For the Cancún climate summit to make a difference, we must overcome perceived barriers to the efficient use of resources.
Climate negotiations were dealt a bombshell at the weekend when ecologists reported that carbon emissions from the destruction of tropical forests are probably only half previous estimates.
The chances of a legally binding deal to tackle climate change are looking increasingly slim as the negotiations in Cancún, Mexico, enter their final days. So much so that even environmentalists are deserting the sinking ship.
Les ministres de l’Environnement de plus de 190 pays ont entamé le dernier round des négociations. Plusieurs dossiers sont sur la table.
Vous ne savez que dire à propos des négociations sur le climat en cours à Cancun? Une suggestion, pour votre prochain dîner en ville: opinez, d’un air entendu, qu’en dépit de la débâcle de Copenhague "nous pouvons attendre de Cancun, sur la lancée du PAB, des avancées sur le REDD +, les NAMA, les UTCATF et les MRV, sans oublier le MDP, naturellement…".
Climate change is affecting the breeding cycles of toads and salamanders, researchers reported, in the first published evidence of such changes on amphibians.
Pedro Chuc May climbs a big zapote tree, braces himself against the trunk with a rope sling and uses his sharp machete to slash V-shaped cuts in the rough bark to let the tree's resin - the base for natural chewing gum - flow into a cut-off soda bottle below.
A new report identifies global warming as a driver of forest fires in northern latitudes.
Met Office Hadley Centre warns of drought risk and role of deforestation in global warming.
A new climate change deal reached in Mexico has set up a global framework to pay to protect rainforests vital to the ecosystem, but held off on the controversial introduction of a market role.
The news story "Pact could be near to save tropical forests" overlooked critical issues with respect to Reducing Emissions From Deforestation and Forest Degradation (REDD+), the global mechanism being developed by the U.N. Framework Convention on Climate Change to allow countries to protect forests by selling carbon credits.
Someone speaking the truth—it's an unusual occurrence at any government event (unless you have a link to Wikileaks) and it's even rarer at the highly stage-managed U.N. climate talks. But that's exactly what happened last night in Cancún at an event put on by Avoided Deforestation Partners, an NGO dedicated to promoting REDD, or Reduced Emissions from Deforestation and Forest Degradation.
Envoys at United Nations talks agreed to a package aimed at limiting global warming by protecting forests, advising nations on adapting to higher temperatures and opening a $100 billion Green Climate Fund.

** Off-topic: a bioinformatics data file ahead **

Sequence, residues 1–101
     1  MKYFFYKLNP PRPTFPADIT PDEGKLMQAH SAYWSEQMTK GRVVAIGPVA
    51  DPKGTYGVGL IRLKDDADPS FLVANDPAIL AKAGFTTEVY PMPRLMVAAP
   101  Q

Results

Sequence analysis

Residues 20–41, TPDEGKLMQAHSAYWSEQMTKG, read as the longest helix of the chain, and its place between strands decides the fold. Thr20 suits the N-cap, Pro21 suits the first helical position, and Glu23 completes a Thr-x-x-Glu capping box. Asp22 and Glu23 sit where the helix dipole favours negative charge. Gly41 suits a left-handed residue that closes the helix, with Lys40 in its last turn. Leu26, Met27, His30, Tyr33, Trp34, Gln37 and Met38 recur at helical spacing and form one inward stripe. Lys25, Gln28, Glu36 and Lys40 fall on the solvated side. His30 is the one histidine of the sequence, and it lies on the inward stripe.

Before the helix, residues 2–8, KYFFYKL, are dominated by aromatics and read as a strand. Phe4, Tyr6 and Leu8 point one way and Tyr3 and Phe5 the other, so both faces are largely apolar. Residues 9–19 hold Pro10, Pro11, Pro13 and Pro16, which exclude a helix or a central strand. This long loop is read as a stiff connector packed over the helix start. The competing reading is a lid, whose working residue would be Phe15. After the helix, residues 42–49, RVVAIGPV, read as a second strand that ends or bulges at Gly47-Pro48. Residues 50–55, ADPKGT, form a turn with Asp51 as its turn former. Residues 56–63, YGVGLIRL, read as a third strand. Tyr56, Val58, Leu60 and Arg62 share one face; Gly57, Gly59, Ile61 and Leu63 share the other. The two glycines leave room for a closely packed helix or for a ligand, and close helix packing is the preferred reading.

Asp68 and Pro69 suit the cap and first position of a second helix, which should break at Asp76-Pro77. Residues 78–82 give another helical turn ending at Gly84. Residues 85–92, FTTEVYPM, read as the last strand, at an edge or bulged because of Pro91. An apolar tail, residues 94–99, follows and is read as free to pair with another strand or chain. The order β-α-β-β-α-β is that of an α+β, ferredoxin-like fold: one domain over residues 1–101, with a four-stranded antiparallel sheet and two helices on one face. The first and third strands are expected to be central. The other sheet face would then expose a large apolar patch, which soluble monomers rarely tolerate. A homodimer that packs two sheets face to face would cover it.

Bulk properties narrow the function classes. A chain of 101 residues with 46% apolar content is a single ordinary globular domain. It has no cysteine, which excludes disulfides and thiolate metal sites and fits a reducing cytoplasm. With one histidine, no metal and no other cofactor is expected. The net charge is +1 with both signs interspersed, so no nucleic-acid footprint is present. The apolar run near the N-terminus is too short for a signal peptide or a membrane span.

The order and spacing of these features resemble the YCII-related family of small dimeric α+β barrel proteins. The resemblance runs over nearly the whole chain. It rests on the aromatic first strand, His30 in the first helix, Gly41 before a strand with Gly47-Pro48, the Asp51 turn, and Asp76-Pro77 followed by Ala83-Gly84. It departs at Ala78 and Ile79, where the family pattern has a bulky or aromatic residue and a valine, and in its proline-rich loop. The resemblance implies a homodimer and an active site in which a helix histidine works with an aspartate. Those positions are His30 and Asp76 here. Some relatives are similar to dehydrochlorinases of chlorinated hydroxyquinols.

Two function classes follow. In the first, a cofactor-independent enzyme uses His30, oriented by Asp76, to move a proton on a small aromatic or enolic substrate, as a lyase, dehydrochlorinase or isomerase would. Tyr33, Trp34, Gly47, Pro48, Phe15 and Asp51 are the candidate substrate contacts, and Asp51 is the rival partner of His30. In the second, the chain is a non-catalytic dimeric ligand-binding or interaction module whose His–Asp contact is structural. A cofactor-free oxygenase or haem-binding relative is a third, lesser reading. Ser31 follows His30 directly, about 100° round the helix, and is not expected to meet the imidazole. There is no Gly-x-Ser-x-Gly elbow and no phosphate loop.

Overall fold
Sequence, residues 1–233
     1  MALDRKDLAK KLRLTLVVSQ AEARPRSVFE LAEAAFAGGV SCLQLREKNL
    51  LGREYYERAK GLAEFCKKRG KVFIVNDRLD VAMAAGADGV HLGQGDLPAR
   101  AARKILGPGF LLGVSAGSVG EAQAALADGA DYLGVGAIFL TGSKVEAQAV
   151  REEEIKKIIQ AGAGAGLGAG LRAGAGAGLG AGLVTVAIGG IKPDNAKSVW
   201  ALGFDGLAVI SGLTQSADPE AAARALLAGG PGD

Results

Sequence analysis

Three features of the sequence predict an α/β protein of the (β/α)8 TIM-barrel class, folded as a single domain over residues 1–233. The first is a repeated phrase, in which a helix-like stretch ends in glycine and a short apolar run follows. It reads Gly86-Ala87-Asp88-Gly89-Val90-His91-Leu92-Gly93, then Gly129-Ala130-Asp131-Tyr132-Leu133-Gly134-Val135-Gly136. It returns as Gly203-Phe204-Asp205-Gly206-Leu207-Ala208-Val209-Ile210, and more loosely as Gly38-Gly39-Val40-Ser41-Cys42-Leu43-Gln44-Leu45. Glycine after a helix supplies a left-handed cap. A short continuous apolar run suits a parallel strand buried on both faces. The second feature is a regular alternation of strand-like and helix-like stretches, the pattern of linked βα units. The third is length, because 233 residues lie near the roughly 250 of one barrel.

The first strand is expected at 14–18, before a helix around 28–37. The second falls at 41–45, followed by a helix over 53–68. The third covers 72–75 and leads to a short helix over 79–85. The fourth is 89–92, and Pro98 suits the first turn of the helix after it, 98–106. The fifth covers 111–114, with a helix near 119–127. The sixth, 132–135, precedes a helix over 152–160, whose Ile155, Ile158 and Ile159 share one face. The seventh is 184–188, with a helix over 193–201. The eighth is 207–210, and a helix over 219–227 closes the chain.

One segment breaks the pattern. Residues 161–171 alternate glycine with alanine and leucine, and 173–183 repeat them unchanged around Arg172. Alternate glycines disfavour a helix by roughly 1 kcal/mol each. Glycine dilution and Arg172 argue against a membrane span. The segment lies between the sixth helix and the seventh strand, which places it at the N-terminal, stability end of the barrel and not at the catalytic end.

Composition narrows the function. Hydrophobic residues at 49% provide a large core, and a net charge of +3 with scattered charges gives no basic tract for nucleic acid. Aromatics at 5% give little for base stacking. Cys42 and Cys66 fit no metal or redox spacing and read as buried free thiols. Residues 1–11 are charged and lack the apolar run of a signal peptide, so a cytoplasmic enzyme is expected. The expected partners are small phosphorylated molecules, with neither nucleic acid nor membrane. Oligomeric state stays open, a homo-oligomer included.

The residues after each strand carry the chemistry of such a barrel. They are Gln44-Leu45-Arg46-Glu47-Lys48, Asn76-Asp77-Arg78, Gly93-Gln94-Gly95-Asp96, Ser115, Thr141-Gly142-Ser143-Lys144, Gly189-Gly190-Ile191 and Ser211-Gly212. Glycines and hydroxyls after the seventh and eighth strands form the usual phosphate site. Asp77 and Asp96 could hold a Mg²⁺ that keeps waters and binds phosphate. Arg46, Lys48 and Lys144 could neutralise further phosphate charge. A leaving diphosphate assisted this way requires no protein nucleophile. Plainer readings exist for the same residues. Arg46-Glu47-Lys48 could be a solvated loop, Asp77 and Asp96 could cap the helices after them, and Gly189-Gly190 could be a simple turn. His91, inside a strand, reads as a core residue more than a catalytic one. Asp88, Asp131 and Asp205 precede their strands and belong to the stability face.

Nothing, as they say at UN conferences, is agreed until everything is agreed. But as the climate conference in Cancún runs into its final hours, delegates are confident that at least something has been salvaged from the diplomatic wreckage.
What is a tree worth? To some it is shelter, to others food and to many of us a commodity.
Ils connaissent parfaitement la forêt, savent comment la préserver et souffrent directement de la déforestation: au coeur d'un des grands dossiers en négociation à la conférence climat de Cancun, les peuples autochtones craignent pourtant de ne pas être entendus.
At a packed event here in Cancun focused on curbing deforestation, a couple of national leaders did something that rarely happens in politics: They spoke the unvarnished truth.
An image of Mowgli and the gang lined up for execution in front of a clear-felled forest, created for Greenpeace, is being sold at auction.
Cancún meeting designed to demonstrate corporate approval of efforts to protect tropical forests.
Beetles killing trees in North America, blue tongue disease ravaging livestock in Europe, and borers destroying African coffee crops are examples of migrating invasive species not getting enough attention at global climate talks, scientists said.
What exactly is the hold-up in terms of Norway's forestry assistance to Guyana, which Guyana's president Bharrat Jagdeo complained about last week during a panel sponsored by Avoided Deforestation Partners in Cancun?
Christmas trees come at a high human price, so branch out into the fairtrade option and have yourself a guilt-free Christmas.
Wood-burning stoves may not be as eco-friendly as they appear.
Protecting the world's rainforests is a central issue at this month's Climate Change Conference in Cancun. Huge sums are to be offered to countries that protect their forests. However, experts fear that these rewards could be misused, and that they could actually promote deforestation.
Cancún's climate conference was largely a diplomatic triumph. No nations promised to up their emissions reduction targets from those pledged in Copenhagen.
We must consider setting an explicit time frame for protecting forests and halting their rapid degradation.
After the catastrophe in Copenhagen came the compromise in Cancún, but one that left the most difficult decisions for Durban next year.
Measures to preserve forests were supposed to be a done deal at the Cancún climate summit, but try telling that to Guyana.
(Source dans la presse - INFOSYLVA – No. 23/2010)